In mammalian cells, mitochondria are the only organelles besides the nucleus that house genomic DNA. The mammalian mitochondrial genome is represented by prokaryotic-type, circular, highly compacted DNA molecules. Today, more than a half-century after their discovery, the biology of these small and redundant molecules remains much less understood than that of their nuclear counterparts. One peculiarity of the mitochondrial genome that emerged in recent years is its disposable nature, as evidenced by cells abandoning a fraction of their mitochondrial DNA (mtDNA) in response to various stimuli with little or no physiological consequence. Here, we review some recent developments in the field of mtDNA biology and discuss emerging questions on the disposability and indispensability of mtDNA.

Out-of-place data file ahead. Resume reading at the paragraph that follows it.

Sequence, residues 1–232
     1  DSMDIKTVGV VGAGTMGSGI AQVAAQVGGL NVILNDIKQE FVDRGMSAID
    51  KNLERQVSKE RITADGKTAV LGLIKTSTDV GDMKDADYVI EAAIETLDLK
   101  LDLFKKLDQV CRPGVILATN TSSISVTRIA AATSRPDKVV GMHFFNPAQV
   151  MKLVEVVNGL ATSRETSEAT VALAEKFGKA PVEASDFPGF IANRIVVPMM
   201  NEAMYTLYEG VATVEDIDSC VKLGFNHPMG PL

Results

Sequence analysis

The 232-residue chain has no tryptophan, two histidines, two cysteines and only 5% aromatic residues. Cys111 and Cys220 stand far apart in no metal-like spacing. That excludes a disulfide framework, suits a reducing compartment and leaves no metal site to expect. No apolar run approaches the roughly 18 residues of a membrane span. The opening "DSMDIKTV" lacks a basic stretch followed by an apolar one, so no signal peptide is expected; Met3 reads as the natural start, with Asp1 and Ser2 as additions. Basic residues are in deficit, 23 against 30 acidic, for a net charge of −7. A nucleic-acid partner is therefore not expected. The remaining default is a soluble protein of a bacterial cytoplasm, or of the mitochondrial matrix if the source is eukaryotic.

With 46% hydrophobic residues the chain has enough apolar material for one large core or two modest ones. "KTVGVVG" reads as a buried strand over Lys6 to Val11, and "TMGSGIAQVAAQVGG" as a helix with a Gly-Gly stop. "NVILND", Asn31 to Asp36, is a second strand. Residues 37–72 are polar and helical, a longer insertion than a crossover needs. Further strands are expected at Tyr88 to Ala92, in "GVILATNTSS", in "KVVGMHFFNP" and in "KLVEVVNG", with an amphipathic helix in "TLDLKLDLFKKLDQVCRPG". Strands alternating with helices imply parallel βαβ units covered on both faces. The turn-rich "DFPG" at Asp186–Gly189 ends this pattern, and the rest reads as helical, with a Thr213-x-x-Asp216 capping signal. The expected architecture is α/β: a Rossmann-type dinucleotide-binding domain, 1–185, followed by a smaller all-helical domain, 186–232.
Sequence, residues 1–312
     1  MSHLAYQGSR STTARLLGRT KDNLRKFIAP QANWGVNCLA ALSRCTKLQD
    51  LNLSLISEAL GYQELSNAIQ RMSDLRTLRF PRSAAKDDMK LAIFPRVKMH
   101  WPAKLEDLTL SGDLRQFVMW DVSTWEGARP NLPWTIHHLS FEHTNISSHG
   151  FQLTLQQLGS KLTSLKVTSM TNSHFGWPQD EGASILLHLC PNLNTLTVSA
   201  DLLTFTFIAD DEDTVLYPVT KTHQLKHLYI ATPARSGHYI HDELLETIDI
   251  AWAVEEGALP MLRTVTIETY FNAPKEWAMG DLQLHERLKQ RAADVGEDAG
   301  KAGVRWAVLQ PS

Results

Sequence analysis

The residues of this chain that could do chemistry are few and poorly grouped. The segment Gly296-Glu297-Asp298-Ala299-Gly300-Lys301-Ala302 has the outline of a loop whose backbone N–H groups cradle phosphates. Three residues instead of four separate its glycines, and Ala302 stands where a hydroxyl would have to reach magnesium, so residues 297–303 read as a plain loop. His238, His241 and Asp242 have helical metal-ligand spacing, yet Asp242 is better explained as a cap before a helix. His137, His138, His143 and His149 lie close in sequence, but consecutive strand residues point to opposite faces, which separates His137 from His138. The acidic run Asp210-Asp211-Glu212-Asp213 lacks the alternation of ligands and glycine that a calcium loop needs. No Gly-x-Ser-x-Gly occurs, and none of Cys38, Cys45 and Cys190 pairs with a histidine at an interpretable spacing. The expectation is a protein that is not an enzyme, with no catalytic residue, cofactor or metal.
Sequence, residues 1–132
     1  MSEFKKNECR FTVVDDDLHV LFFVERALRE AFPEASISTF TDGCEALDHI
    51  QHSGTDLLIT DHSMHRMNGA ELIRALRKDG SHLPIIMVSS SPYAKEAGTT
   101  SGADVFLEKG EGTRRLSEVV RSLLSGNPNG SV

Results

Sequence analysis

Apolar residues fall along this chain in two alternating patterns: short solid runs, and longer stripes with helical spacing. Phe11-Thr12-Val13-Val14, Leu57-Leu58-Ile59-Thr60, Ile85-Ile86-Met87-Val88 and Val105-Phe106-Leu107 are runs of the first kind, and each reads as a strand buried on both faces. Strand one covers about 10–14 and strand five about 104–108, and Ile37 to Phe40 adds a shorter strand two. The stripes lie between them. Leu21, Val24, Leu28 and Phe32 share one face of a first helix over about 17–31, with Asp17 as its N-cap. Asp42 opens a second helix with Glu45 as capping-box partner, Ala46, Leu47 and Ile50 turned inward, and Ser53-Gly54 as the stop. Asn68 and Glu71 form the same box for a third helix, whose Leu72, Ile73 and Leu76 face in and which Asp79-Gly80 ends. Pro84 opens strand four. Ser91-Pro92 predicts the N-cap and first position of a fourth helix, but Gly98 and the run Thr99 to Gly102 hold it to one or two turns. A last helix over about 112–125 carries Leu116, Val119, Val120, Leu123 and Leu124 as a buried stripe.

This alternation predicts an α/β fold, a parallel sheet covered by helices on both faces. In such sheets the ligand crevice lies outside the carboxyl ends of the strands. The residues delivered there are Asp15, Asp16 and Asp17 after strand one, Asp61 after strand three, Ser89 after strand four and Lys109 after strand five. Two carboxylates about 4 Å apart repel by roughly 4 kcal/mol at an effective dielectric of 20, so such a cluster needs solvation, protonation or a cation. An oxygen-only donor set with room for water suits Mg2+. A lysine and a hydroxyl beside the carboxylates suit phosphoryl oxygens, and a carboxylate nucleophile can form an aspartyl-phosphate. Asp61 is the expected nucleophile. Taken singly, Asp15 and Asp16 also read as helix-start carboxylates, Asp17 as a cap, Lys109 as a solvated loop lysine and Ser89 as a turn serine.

Keywords: Extramitohondrial mtDNA; Mitochondrial DNA; mtDNA copy number; mtDNA degradation; mtDNA maintenance.
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